This week we had a very useful side effect of using the Window Azure Service bus. We have an Azure hosted website that connects to a CRM backend using the service bus in relay mode to communicate between the two systems. We had a test system that worked fine but when we moved to a Live system we had a configuration error in one of the systems but it was difficult to identify.
The way the service bus works means that the server can easily be moved (as long as the server has an outgoing internet connection).Our service bus at the server side is a Windows Service but we also have a console application to help us with debugging as all the traces are logged to the console window. We turned off the service on the Live system and started it on the test system. As the Azure hosted website is connecting to the service bus rather than a specific server the website will now connect to our test system. By running a successful connection test on the Azure hosted site we could prove that the Azure website configuration was correct.
The next change was to configure the test system to point to the Live CRM system. This would prove whether our data was correct or not. Running the same test as before proved that our data migration to the Live CRM system was fine.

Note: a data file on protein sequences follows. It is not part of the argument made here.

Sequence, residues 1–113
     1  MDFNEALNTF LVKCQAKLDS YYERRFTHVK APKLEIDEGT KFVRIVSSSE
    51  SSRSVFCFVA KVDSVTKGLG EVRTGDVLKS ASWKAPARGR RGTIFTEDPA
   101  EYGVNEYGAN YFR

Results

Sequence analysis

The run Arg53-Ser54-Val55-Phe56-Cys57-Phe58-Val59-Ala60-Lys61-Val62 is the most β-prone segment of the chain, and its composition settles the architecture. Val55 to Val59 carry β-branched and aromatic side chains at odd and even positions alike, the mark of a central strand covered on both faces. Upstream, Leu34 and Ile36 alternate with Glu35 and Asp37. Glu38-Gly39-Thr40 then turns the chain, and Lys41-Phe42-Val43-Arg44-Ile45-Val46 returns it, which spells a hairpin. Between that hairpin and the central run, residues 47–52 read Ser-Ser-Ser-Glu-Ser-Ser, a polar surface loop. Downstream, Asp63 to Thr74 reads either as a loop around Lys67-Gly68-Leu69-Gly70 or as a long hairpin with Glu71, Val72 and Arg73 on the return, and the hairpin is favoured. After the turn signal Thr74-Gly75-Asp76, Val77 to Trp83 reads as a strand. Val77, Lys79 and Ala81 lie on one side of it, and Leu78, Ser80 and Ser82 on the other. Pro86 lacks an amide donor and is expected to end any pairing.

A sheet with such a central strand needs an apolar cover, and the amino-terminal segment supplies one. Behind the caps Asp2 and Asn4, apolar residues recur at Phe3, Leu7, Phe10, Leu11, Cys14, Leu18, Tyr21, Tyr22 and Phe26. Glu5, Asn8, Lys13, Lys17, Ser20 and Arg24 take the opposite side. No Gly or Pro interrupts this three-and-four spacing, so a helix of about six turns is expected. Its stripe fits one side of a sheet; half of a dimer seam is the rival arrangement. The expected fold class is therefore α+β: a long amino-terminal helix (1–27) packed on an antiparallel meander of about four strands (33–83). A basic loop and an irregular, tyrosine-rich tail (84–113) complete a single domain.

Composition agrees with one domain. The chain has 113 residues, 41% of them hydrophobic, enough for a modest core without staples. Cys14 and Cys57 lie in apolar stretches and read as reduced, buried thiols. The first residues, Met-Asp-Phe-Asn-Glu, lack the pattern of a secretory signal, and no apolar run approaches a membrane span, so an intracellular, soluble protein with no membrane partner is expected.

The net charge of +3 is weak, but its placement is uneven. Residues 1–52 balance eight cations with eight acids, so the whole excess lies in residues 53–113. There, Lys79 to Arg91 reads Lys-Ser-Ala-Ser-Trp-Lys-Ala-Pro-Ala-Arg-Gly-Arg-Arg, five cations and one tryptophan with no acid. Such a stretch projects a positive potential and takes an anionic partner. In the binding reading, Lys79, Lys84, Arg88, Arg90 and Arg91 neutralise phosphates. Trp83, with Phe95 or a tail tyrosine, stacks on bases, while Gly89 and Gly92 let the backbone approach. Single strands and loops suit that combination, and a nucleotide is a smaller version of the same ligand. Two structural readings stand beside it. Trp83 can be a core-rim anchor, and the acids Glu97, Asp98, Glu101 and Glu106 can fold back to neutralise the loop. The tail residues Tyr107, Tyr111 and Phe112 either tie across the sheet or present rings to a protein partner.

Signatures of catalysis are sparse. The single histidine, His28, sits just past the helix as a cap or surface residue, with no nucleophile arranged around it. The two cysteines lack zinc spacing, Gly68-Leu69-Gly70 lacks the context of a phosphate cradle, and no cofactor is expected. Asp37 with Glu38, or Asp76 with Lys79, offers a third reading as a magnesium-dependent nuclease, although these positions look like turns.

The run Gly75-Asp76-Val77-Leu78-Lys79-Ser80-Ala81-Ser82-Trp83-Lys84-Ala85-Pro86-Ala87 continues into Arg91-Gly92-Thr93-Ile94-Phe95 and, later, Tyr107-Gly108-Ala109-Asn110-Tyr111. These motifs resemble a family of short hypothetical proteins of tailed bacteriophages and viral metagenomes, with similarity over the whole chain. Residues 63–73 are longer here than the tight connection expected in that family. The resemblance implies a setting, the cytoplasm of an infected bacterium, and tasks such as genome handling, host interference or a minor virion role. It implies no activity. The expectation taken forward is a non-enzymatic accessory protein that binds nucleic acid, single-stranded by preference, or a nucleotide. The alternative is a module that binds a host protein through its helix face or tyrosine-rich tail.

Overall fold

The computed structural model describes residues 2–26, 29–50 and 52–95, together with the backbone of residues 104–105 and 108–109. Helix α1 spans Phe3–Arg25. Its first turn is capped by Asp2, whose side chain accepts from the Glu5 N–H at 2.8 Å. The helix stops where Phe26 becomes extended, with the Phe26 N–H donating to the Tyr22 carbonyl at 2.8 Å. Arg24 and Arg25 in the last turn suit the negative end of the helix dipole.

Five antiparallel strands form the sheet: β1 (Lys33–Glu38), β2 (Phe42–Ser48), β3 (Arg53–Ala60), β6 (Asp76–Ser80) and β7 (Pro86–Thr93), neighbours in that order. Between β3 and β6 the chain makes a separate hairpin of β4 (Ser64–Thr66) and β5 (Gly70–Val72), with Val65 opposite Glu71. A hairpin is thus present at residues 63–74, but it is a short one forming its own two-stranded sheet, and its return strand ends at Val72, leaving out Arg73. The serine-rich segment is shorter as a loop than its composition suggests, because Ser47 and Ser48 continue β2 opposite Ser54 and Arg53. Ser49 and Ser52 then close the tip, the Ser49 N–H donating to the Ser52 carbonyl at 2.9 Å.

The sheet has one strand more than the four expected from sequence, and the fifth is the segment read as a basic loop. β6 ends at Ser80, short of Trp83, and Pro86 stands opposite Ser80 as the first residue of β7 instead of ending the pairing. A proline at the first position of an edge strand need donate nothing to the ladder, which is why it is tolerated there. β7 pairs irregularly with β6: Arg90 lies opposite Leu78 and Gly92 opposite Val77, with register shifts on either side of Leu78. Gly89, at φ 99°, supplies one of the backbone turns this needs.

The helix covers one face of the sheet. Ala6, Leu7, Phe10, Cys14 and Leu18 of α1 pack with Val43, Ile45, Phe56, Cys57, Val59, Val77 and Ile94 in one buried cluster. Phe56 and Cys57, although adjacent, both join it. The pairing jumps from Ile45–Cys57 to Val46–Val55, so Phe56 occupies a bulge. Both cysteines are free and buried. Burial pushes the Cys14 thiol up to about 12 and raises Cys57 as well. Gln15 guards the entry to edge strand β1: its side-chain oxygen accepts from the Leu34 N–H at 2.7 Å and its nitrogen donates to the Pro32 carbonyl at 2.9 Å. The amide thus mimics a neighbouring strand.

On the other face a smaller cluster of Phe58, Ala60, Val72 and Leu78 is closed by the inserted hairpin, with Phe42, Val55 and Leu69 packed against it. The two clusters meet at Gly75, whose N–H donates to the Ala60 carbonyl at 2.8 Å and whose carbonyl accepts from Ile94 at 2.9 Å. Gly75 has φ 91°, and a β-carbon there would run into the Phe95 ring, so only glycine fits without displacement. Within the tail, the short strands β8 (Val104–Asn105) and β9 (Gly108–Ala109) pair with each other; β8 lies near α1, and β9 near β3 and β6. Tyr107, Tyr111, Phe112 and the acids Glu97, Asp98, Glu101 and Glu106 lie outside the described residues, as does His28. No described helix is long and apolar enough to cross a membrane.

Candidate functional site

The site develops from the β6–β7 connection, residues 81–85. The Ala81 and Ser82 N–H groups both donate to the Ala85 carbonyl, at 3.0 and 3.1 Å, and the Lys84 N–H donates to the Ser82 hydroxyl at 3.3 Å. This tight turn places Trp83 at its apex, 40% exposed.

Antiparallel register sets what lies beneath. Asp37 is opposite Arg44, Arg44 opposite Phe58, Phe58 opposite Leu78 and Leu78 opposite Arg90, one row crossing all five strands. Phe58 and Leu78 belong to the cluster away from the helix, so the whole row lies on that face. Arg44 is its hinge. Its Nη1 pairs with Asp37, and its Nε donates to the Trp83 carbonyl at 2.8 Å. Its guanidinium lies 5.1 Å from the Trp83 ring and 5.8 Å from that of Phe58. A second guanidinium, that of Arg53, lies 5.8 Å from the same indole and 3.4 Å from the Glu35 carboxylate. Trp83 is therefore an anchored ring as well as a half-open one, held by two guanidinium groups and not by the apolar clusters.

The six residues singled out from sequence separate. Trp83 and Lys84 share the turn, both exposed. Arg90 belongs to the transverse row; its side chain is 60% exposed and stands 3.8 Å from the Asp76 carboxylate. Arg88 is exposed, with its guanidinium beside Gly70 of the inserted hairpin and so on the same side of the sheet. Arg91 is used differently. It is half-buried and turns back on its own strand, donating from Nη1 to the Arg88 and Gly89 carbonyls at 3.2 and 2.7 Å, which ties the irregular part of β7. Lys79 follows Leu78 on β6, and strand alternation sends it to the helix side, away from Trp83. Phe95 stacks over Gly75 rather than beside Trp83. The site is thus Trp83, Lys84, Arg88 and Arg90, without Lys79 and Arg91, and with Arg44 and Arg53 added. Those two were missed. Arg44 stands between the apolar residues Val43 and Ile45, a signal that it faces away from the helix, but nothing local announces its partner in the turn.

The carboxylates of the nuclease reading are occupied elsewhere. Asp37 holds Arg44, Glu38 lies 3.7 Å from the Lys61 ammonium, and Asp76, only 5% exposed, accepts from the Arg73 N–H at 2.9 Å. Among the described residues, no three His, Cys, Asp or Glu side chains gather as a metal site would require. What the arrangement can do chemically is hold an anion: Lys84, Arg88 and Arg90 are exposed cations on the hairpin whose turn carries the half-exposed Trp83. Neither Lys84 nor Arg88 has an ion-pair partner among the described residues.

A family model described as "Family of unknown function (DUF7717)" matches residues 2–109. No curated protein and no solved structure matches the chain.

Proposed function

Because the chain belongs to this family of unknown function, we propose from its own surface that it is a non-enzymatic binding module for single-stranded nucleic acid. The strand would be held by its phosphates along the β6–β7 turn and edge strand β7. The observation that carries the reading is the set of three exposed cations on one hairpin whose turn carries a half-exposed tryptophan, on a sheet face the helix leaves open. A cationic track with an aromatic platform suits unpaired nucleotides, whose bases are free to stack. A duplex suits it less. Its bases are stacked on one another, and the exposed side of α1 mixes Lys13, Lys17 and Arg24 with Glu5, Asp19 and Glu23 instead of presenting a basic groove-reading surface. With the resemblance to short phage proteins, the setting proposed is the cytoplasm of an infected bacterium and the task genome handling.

This left us with the service bus and the business logic web service running on the test system, so we reconfigured the Live service bus service to point to the Test web service (which we had previously configured to connect to the live CRM system) and this also work. Thus proving we had an issue with the business logic service.
What we were able to do then was to move the service bus console application on to a developers machine and run it in Visual Studio so that we could debug and break on the calls to the business logic service which helped us to easily identify the problem. All this was done without needing to reconfigure or redeploy our Azure hosted website.
I wish I could say that this ease of debugging was one of the reasons we chose to use the service bus, but I would be lying. The fact that it has made our debugging so much easier will now have an influence on its future use.
A new release of the Windows Azure Tools for Visual Studio 2010 is available here
The release adds the following features:
- Profile applications running in Windows Azure.
- Create ASP.Net MVC3 Web Roles.
- Manage multiple service configurations in one cloud project.
- Improved validation of Windows Azure packages.
The Windows Azure Platform Training Kit has also be updated in line with this release. It can be downloaded from here. The training kit has the following changes:
- [Updated] Labs and Demos to leverage the August 2011 release of the Windows Azure Tools for Microsoft Visual Studio 2010
- [Updated] Windows Azure Deployment to use the latest version of the Azure Management Cmdlets
- [Updated] Exploring Windows Azure Storage to support deleting snapshots
- Applied several minor fixes in content